Crime in the city of Vancouver has increased by about 60 percent since 2019, Police Chief James McElvain said Wednesday during a virtual town hall event on rising property crime in the area.
A community group, Vancouver Citizens Against Property Crime, organized the event out of concern for increased crime in their neighborhoods.
Speakers included McElvain; Clark County Sheriff Chuck Atkins; Clark County Prosecutor Tony Golik; Jill Brown, widow of sheriff’s Sgt. Jeremy Brown; Vancouver police Cpl. Greg Catton; and several state legislators. More than 200 people joined the two-hour Zoom meeting.
Some in the chat function of the meeting criticized the town hall, calling it one-sided because most of the speaking time was devoted to law enforcement. Organizers said they hope the town hall is the first of many, and they aspire to include more community stakeholders going forward.
Property crime rates
McElvain shared data that showed a sharp increase in property crime and other lower-level crime in Vancouver since 2019.
According to department data, officers responded to 173 percent more auto theft calls in 2021 compared with 2019. The agency saw an 88 percent increase in vandalism calls between those years. Officers recorded a 75 percent spike in vehicle prowl calls and a 52 percent rise in theft calls.
Vancouver police responded to 22 percent fewer DUI calls, but McElvain said that could be because there are fewer patrol officers on the streets.
Atkins said the sheriff’s office’s data shows just a 3 percent increase in violent crime over the past few years but a 33 percent increase in lower-level crime. Auto thefts are up by 48 percent in the unincorporated parts of the county, the sheriff said.
Officials said one cause of the rising crime rates is a lack of jail space, particularly while following COVID-19 distancing protocols. People arrested for nonviolent crimes, such as theft, vehicle prowling and burglary, are being released while their court cases are pending.
Atkins said officers are seeing people who are released with pending property crime cases, such as mail theft, reoffend. Golik said it’s common for those who are released to stop showing up for court.
“The local issue for property crime is the jail,” Golik said. “It’s our jail before COVID, but now during COVID, it’s a huge issue.”
Atkins stressed a need for a larger, more modern facility. The effort to replace the jail stalled in 2019 after proposals for a new facility came with price tags of $381 million to $413 million.
Law enforcement officials also took aim at police reform legislation passed last year, particularly House Bill 1310, which limits when officers can use force and how much.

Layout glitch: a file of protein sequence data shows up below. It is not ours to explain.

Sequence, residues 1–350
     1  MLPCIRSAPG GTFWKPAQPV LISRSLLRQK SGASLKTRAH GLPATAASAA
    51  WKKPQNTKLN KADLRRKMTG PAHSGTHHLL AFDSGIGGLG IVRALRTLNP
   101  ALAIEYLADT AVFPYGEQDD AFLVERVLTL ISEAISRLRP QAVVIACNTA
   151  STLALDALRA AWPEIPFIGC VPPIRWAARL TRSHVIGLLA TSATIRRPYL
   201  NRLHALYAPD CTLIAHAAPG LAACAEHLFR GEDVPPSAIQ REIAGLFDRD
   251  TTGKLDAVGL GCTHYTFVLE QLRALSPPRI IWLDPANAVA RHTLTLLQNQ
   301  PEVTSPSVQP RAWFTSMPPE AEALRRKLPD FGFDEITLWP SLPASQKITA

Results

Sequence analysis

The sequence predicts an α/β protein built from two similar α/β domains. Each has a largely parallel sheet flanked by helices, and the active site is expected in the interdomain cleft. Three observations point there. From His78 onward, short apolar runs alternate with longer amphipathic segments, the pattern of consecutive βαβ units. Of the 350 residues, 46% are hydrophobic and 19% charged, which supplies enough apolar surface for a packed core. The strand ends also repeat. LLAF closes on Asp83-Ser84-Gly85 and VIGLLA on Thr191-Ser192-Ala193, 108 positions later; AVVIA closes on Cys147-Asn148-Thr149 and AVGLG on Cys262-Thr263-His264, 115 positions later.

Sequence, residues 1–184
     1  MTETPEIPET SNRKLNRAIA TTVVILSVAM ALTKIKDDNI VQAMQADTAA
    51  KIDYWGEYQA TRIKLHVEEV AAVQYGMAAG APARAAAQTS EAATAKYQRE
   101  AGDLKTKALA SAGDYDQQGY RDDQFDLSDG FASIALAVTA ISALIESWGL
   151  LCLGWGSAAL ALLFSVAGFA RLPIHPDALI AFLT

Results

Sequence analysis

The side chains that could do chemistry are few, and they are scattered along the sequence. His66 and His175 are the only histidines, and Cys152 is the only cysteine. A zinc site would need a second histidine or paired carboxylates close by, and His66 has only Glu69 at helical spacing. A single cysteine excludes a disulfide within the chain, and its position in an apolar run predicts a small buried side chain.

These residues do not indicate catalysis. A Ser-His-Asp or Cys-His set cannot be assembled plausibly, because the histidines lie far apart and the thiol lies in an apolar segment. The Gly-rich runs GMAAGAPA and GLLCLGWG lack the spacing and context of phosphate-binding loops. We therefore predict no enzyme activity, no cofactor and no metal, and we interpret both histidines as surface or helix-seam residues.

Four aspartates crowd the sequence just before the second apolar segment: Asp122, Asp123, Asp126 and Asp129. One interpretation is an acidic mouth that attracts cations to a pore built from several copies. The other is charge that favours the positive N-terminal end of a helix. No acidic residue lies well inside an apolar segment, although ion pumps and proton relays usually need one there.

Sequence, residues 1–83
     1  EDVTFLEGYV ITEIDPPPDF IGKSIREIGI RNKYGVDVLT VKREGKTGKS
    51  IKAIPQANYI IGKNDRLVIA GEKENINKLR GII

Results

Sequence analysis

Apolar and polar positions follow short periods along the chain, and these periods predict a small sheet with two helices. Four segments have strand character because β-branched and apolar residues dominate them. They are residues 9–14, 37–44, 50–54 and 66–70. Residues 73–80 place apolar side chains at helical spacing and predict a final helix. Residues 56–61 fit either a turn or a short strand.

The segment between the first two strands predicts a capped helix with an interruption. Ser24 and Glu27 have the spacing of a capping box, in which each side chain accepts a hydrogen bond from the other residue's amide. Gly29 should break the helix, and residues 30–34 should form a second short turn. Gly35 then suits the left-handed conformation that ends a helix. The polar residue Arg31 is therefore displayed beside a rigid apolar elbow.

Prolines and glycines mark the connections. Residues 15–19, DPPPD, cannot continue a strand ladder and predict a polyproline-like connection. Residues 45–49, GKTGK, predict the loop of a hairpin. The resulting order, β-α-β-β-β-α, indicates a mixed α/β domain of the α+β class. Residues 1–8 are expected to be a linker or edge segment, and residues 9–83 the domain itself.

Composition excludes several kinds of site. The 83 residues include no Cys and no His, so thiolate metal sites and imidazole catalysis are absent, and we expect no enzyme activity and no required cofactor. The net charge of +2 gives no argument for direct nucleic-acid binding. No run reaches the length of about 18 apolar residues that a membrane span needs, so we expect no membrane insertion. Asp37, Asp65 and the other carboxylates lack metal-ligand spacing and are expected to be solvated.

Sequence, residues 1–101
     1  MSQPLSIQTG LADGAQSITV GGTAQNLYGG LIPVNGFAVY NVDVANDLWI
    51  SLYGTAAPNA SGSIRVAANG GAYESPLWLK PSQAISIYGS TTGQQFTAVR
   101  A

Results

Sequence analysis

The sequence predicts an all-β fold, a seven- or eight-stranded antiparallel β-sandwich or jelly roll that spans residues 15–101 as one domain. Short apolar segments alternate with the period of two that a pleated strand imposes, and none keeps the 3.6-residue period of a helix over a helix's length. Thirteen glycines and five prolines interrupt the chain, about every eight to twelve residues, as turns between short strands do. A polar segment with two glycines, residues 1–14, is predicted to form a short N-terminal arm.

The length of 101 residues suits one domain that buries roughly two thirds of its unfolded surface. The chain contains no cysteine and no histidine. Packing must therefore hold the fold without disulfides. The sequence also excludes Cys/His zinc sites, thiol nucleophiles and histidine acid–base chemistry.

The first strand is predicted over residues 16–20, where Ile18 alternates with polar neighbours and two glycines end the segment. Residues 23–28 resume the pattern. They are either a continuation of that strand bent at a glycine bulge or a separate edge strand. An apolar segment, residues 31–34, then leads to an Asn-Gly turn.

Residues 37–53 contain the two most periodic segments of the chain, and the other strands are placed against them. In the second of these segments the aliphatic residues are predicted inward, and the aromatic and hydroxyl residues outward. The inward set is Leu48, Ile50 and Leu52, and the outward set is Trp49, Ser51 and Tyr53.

Both McElvain and Atkins said it “handcuffs” them from doing their jobs if someone flees and officers don’t yet have probable cause to arrest the person.
State Rep. Roger Goodman, D-Kirkland, said the Legislature is working on new bills to clarify confusion from the reforms. Still, Goodman said HB 1310 was important to creating a statewide standard for police force.
“This is responding not to some vague idea but to some really unfortunate circumstances, not just across the country and in Minneapolis and so forth but here in our own state, in a number of different places where particularly people from marginalized communities have unfortunately lost their lives in interactions with the police,” Goodman said during the town hall. “And we listened to the families of those communities and responded to that. Now it’s a question of balancing.”
The sheriff and police chief also pointed to low staffing levels in their agencies.
McElvain said his department is authorized to have 234 officers on staff; lately, the department has had about 215 officers and that number changes weekly.
To incentivize people to join the department, McElvain said it’s offering $10,000 signing bonuses over the span of three years for entry-level officers. The three-year bonus for officers already certified with other agencies is $25,000.
Atkins said the sheriff’s office cannot afford to offer those kinds of bonuses, so he has a particularly hard time recruiting new deputies.
The sheriff called his department’s officer-per-capita ratio the worst in the state for county law enforcement. With less than 150 deputies, Atkins said he has 0.67 deputies per 1,000 people in the agency’s jurisdiction. The average county ratio is 1 to 1.25 officers per 1,000 people, he said.
“The sheriff’s office is struggling terribly right now, probably the worst I’ve seen it in 42 years,” Atkins said.